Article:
A fifth of the way through the 21st century, when the steady-handed leadership of the United States in the preceding century has given way to the international rise of authoritarianism and the domestic threat of insurrection, we find ourselves more divided than any time since the 1850s. It is fair, on the precipice of a new year, to wonder how far we can go before the entire system fails.
In the heady days of the Space Race, NASA flight director, Gene Kranz, famously said of the vexed Apollo 13 mission, “Failure Is not an option.” Against all odds, he and his team of engineers brought those astronauts and their crippled spacecraft safely back to earth. It was touch-and-go for days on end, but innovation and teamwork saved the day.
Today, innovation has been outsourced to Silicon Valley, and we are short on teamwork. It all makes me wonder if, after the very collaborative and innovative “American Century,” during which we pulled together to bring the automobile, penicillin, rural electrification, radio, television, commercial air travel, computers, space travel, and the internet to a world that we saved from both fascism and communism, our run really is over.
In the mass media era—c. 1930-1990—we operated from the same playbook because there were no information silos. You couldn’t choose your news. While we had our share of kooks and frauds, they never held sway for long, and even when distracted, we always righted the ship because our sense of decency and fair play prevailed over the divisive voices of the time. We changed our laws to include all of our citizens, and we welcomed the worlds’ outcasts to our shores. We had a sense of common mission.
For various reasons that range from political to religious, change has come too fast for some, and its implications like the loss of power and prestige, have been too frightening for others. We find ourselves here, divided, angry, and spoiling for a fight—with each other.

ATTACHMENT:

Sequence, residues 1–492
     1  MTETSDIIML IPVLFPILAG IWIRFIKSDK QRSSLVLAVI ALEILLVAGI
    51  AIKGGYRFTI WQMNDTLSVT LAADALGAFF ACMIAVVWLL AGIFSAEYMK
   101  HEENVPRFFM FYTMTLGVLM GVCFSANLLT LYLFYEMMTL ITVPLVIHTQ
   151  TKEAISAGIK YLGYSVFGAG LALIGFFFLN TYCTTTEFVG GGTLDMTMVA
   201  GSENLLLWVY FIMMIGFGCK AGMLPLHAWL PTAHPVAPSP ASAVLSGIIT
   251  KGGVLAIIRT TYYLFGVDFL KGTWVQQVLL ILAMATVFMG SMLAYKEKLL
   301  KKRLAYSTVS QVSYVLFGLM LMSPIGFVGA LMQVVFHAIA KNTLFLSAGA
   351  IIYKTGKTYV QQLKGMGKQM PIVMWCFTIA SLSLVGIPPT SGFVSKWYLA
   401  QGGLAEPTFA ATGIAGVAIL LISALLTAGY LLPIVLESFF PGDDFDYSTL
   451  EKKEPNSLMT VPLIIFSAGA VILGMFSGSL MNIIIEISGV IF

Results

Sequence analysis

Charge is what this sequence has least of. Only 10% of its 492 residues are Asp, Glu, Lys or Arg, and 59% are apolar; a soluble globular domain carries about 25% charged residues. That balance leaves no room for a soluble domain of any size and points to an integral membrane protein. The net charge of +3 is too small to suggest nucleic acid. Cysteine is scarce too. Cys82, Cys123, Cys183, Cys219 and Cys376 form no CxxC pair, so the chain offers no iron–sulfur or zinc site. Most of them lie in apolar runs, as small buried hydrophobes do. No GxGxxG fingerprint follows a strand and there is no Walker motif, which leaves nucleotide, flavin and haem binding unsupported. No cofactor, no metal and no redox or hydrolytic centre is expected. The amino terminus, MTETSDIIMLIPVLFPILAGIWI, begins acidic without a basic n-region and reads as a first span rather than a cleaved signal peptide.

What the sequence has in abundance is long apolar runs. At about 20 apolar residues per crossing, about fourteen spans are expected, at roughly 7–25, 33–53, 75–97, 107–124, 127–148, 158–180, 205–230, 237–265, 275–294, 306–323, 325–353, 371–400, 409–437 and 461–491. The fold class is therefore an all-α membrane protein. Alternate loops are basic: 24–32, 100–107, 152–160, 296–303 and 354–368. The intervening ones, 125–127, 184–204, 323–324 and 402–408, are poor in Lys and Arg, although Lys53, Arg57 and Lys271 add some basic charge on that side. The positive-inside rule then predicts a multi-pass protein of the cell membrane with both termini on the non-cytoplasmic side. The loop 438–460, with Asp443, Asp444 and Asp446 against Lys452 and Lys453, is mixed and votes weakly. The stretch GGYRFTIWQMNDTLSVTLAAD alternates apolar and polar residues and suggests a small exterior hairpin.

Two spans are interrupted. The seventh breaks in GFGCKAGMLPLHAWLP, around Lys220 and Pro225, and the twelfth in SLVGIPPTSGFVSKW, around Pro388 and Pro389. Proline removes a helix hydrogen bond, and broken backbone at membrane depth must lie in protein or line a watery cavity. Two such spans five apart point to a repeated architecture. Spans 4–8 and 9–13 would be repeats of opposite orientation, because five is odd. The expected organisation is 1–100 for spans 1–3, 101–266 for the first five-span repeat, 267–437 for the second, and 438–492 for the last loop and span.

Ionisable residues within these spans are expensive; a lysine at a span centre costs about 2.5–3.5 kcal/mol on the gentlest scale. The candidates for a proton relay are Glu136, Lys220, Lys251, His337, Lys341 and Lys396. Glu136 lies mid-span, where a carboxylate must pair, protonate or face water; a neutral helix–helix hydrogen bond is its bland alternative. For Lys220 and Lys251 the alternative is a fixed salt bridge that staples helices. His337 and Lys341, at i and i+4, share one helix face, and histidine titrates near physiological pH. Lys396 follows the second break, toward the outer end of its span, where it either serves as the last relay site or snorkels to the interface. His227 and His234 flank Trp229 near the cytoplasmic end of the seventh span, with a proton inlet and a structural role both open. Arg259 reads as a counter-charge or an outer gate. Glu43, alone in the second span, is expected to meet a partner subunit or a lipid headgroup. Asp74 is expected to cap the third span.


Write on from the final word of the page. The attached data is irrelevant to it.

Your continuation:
A sad moment is made even sadder by the fact that instead of taking on the existential crisis of climate change, or pulling together to unite the world against the rise of authoritarianism, our domestic fighting is internecine, which obviously thrills our adversaries. The radical right has decided to put party over country, making their own reelections more important than our Constitution, the rule of law, and democracy itself.
As Michael Steele, the former RNC Chair said, when you don’t treat an infection, it gets worse and worse. Now they’re intent on casting out of Congress those who don’t pass the Trump loyalty test: if you don’t believe and promote The Big Lie, you’re toast.
Actual conservative, Liz Cheney (R-WY), tops their list: “In this time of testing, will we do our duty? Will we do what we must? Will we defend our Constitution? Will we stand for truth? Will we put duty to our oath above partisan politics? Or will we look away from the danger, ignore the threat, embrace the lies and enable the liar? There is no gray area when it comes to that question. When it comes to this moment, there is no middle ground.”
Thirteen Republicans voted for the bipartisan infrastructure bill—something that throughout our history has been an easy, unanimous vote—only to have the rest of the Republican Caucus castigate them, levying death threats against two of them, and promising to challenge them all in their next primary election.
Paul Gosar (R-AZ) is the charmer who posted an animation of himself killing Alexandria Ocasio Cortez (D-NY) and then turning his blade on President Biden. Gosar has nine siblings, six of whom have appeared in advertisements urging voters not to support him. One said: "My brother is unhinged. He needs to be more than censured. He needs to be expelled. And if it is determined that criminal charges need to be filed, then they need to be filed." Just after being censured and stripped of his committee assignments, Gosar reposted the video, proving that what is unethical, and indecent to most, is simply a fundraiser to others. Term limits, anyone?
Now, “The Freedom Caucus” is determined to primary every Republican who voted to impeach Trump, as well as every Republican who voted for the bipartisan infrastructure bill. If you’re keeping score at home, it’s now okay to post an animation of yourself killing Democrats, but it’s not okay to vote for fixing potholes and bridges.
If only rational, mutually beneficial priorities ruled the day. But when dealing with irrational people, it is impossible to use reason to predict their course of action. All I know is that the loudest, angriest people have a way of controlling the room, and their success is our failure.
©2021 Jon Sinton